The largest challenge in making a rooftop garden (besides keeping the frame watertight so it doesn’t leak onto your roof) is one of structural load.  Obviously, cubic feet of dirt are heavy – just ask anyone who’s done construction or landscape work lately.  On your roof, they bear down on the surface, creating stress on the seams between fastenings and structural supports.  It is important to find ways to relieve this stress either in the building phase, or, as is more common, in the design phase of a remodel. Soil scientists have designed artificial soils that weigh less than traditional soils, and other growing mediums such as local crushed brick can be used. But usually this involves restructuring the load on beams so that the roof avoids carrying actual weight.

As mentioned earlier, a living roof may not be the only alternative energy installation vying for structural load bearing on your house.  If you install solar panels or a solar heat collector, the same weight issues come into play, and careful siting along strong structural axes or retrofitting are necessary.  With wind, add in the force of the tower’s rotation and the wind profile of the actual tower and it’s probably better not to site a tower on your house at all unless you like weird noises and warped beams.  Save that for the back yard.

If you are considering installing one technology already which calls for boosting the load structure of your roof, why not design for the (future) implementation of another complementary technology now? As hurricanes so aptly illustrate, a little extra roof support ain’t gonna hurt you.  With as much roof space as we have in this country, we could probably meet half our food needs if everyone started a garden today.  Victory Gardens for a new millennium.  Even just switching from a traditional tar shingle roof (made from petroleum) to a gravel-based cover slows water loss considerably across your whole property.  Take a look at these examples of how nice living roofs can look, and consider integrating a little (more) green into your next roofing project.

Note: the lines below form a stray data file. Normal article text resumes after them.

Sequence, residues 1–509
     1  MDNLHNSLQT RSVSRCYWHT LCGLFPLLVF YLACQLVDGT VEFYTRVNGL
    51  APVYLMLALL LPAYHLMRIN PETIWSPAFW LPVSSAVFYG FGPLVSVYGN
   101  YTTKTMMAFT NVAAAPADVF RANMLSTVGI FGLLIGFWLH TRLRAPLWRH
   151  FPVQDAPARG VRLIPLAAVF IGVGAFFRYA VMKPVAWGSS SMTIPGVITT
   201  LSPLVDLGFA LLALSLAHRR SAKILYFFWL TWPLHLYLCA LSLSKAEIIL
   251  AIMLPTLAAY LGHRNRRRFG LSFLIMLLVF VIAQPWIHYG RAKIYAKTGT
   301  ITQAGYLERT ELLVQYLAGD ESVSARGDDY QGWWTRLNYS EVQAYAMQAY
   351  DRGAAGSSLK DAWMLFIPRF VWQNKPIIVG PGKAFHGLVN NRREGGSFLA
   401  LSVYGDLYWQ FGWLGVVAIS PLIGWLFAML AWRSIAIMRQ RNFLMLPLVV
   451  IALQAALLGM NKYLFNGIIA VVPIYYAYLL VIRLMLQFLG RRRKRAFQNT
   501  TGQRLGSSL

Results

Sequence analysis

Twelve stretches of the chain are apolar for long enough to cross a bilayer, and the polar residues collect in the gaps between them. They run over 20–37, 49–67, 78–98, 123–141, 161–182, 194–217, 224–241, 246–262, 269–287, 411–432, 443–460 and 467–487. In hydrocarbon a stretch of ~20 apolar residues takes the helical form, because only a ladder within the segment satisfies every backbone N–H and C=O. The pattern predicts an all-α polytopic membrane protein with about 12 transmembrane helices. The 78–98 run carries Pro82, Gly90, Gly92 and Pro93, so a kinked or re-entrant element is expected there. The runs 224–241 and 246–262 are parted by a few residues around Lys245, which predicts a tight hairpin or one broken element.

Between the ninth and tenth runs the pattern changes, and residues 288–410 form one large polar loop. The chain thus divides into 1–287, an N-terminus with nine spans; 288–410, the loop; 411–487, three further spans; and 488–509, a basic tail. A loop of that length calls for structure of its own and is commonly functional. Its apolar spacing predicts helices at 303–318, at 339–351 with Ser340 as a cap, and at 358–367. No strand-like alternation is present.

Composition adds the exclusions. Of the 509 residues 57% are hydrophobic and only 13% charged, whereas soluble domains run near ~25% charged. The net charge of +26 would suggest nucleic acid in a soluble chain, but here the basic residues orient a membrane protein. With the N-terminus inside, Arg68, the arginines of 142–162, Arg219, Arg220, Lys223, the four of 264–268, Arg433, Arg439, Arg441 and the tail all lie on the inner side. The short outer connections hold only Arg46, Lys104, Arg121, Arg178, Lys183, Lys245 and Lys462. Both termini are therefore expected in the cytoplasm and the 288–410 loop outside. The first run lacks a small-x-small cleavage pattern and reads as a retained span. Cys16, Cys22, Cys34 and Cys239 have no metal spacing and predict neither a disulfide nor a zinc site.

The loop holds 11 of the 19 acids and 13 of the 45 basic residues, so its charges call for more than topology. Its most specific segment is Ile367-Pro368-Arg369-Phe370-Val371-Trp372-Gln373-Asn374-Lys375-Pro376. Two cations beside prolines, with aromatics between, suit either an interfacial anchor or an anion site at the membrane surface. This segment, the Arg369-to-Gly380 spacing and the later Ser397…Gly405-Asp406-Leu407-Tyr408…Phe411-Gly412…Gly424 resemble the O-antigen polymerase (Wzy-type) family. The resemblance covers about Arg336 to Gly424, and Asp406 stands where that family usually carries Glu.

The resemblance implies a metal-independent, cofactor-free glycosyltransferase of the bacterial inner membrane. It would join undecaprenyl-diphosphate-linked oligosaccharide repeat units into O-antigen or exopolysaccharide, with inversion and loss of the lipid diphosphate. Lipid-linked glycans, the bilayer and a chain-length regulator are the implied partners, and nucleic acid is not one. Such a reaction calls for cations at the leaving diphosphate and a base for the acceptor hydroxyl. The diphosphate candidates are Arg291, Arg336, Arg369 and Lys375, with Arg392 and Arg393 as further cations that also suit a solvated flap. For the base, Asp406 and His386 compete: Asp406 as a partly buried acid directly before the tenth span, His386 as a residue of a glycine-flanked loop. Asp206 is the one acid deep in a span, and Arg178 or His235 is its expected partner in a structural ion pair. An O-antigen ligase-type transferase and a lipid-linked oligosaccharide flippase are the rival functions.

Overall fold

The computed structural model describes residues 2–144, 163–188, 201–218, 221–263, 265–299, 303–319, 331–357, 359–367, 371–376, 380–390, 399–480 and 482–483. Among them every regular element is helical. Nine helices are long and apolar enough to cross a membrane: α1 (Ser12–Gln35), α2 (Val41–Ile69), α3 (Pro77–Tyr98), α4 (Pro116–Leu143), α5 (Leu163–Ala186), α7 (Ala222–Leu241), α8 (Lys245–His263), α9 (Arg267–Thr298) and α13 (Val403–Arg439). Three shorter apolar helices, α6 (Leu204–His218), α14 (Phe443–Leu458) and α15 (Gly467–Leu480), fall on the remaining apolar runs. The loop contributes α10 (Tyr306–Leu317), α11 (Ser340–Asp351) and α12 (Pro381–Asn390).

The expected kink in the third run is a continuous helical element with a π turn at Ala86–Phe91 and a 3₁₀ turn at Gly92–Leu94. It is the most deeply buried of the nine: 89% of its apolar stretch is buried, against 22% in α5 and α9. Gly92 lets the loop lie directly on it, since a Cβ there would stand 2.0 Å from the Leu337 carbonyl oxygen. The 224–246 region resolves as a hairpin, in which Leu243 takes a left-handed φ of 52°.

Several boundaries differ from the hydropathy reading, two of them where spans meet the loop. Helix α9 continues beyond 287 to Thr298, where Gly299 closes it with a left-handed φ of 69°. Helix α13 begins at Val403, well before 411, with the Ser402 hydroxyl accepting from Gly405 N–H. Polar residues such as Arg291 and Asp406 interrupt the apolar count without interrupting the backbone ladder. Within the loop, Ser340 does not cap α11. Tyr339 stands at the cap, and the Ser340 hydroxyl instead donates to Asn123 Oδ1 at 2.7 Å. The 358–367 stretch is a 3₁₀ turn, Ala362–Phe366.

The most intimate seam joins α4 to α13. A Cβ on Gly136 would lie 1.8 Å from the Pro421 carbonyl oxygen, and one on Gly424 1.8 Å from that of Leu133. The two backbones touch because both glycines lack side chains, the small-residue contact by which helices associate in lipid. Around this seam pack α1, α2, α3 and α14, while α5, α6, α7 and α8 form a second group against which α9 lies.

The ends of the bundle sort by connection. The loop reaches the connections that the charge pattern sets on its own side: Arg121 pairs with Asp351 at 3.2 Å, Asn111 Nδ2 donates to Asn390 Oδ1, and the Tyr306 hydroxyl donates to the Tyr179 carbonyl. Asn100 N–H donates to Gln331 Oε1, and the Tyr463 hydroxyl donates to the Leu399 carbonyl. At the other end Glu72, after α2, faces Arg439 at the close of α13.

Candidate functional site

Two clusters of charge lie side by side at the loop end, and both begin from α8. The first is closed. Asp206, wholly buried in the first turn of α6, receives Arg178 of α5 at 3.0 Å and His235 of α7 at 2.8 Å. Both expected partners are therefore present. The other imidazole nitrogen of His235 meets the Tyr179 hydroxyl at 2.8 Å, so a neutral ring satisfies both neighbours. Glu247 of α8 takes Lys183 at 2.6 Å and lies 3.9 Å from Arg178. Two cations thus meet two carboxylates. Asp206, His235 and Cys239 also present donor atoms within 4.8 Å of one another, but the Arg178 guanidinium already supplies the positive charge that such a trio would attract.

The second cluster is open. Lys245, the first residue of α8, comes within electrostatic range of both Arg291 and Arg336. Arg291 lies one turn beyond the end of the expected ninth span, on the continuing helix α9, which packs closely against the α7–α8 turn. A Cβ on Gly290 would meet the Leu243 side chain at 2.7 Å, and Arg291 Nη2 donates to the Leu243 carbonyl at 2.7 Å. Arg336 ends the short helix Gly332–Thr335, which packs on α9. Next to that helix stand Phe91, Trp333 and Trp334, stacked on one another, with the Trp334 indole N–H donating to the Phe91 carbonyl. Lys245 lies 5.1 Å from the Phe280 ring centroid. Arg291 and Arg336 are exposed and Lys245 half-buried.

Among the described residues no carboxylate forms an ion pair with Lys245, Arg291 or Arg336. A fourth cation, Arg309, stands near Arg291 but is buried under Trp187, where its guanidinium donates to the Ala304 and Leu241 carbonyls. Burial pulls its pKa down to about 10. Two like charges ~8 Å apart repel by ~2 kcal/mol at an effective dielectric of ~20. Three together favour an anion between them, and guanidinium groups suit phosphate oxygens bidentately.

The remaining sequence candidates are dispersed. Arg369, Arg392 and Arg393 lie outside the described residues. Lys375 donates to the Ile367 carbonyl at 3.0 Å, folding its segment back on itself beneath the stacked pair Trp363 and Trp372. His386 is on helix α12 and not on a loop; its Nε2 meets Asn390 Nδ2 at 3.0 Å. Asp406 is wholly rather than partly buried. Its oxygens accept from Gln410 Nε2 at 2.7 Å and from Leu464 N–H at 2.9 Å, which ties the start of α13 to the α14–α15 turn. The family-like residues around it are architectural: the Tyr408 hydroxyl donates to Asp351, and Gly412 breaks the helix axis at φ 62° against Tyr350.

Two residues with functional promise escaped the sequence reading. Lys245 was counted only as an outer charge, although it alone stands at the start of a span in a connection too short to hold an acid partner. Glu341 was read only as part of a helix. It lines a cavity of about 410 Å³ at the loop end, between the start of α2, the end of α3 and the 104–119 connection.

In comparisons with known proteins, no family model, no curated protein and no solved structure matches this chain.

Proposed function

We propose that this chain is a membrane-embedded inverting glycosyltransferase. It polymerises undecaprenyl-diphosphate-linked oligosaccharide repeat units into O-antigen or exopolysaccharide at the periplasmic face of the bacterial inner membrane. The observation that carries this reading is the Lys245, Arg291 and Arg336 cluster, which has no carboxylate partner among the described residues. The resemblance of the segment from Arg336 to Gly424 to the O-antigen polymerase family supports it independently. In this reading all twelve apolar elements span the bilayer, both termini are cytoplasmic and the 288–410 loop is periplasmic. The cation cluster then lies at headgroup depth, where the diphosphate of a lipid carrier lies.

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BOOK REVIEW: Fresh! Seeds of the Past and Food for Tomorrow

Fresh! Seeds from the Past and Food for Tomorrow

It’s been a big week of reading, trying to stay ahead of the library due dates.  This was a great book, a bit different from any I’ve read before in the general gardening arena.  Brian Patterson takes a scientific look at human history’s tenuous relationship with the foods we eat and illustrates how cultivation of seeds created the culinary landscape we take for granted today.  Part science, part history, and very interesting, he goes beyond the superficial facts and examines cultivation on a chemical level. How did we learn that potatoes, though poisonous when green, can be eaten when cooked?  Or that by fermenting grape juice and adding it to flour, we can enjoy light, fluffy leavened bread, but only if that grape juice doesn’t turn to vinegar first?  When viewed through the lens of science, even the most mundane of foods take on a magical quality.